What was Raf’s reaction to seeing the finished film?

He was very moved. He was completely taken by surprise by how much emotion there was. He told me that he thought it was authentic and representative of the two months he lived. It was a great relief for me because the last thing you want is your subject to feel like they don’t recognize themselves in the film. I wasn’t even there when he watched it and he didn’t want me to be there. He watched it alone in his living room. I don’t blame him for it. I think it’s very confronting.

If you look at the three films you’re credited with, they’re inextricably tied to the world of fashion. That wasn’t a conscious choice on your part, was it?

These opportunities presented themselves and I couldn’t turn them down. I just fell in love with the different subjects and it was never planned. I’m always reluctant to say “fashion film” or “fashion filmmaker” and I cringe whenever someone says that. There’s so much more to explore. Especially with Dior and I, I wanted to talk about something other than fashion. I wanted to talk about the human experience and bring the film closer to something everyone can relate to.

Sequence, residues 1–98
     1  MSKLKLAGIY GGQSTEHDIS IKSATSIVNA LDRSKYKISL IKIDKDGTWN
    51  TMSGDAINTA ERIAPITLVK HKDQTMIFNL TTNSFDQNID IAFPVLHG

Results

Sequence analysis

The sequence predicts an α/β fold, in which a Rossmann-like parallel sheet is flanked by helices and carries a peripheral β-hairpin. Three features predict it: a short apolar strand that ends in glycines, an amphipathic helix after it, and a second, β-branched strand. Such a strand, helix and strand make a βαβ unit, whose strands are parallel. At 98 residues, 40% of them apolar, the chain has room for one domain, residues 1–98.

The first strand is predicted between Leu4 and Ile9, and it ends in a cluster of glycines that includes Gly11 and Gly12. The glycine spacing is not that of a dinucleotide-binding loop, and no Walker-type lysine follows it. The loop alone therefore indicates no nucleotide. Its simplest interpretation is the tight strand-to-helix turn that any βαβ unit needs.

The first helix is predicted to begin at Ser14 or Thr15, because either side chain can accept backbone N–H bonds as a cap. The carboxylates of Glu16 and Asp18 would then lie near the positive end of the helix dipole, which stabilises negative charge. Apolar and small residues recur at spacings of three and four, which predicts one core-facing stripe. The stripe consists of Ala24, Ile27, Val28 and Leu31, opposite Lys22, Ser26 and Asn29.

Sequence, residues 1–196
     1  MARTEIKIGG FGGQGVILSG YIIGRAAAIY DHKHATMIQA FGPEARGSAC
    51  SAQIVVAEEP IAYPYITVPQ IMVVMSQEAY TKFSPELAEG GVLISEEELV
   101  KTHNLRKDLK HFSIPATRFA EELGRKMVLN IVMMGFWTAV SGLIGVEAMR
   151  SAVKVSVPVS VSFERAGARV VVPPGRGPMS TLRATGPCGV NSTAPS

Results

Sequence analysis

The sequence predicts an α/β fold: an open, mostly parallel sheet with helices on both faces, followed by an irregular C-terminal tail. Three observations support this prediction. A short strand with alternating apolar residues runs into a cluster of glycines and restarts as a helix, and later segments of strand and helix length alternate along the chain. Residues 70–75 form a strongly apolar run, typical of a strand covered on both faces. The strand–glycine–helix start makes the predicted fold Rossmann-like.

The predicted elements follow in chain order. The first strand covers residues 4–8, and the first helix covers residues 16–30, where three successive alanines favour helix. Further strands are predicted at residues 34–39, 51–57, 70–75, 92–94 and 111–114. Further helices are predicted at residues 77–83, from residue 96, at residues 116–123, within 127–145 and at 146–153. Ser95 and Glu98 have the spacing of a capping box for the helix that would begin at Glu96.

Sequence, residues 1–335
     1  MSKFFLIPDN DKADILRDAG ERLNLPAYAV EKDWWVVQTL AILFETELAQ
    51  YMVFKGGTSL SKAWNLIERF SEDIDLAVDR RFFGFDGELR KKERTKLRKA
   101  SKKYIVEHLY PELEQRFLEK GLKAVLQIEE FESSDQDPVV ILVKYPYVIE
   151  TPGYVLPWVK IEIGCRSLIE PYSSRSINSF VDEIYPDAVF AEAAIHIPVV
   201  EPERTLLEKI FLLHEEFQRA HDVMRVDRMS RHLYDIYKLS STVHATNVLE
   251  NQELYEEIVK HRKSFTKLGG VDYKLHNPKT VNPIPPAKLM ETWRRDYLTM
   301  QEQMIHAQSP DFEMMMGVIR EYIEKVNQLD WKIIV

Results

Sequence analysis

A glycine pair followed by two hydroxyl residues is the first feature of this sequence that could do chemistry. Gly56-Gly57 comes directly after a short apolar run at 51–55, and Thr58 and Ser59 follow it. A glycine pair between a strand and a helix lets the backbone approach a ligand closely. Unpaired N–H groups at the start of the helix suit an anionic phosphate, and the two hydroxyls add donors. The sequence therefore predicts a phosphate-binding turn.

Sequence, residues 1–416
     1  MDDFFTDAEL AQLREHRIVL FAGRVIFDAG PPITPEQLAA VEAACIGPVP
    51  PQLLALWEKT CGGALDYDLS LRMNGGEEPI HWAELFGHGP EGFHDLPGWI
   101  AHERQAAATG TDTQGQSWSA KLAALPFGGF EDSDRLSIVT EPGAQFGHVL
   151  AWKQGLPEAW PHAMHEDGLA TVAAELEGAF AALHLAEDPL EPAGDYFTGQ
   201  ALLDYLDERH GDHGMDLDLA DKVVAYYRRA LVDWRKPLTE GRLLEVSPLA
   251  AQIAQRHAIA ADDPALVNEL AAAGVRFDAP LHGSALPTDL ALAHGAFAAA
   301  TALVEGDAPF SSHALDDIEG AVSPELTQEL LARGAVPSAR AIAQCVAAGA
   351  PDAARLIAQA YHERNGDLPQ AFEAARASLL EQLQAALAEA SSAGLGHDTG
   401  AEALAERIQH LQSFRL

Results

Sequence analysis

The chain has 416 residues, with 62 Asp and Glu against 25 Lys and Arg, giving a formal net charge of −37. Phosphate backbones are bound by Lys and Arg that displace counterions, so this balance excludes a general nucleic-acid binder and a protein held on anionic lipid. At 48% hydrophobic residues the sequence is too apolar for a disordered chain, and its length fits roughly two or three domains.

It’s clear that fashion is ultimately a backdrop to the human stories you’re trying to convey. How did you go about getting your other subjects in the ateliers on board?

I think I won them over by coming every day, relentlessly, at eight in the morning. [Laughs] They were used to having people coming to shoot for maybe half an hour when they do B-roll, and B-roll was the last thing I wanted to do. I was actually more interested in hearing them talk about the work and getting to know them as human beings. They must’ve sensed that. Also, we were quite methodical with our crew in the first few days. We spent time going from table to table, talking to everyone and learning everyone’s names. That broke the ice a little bit.

Can you recall anything of particular interest that was left on the editing room floor?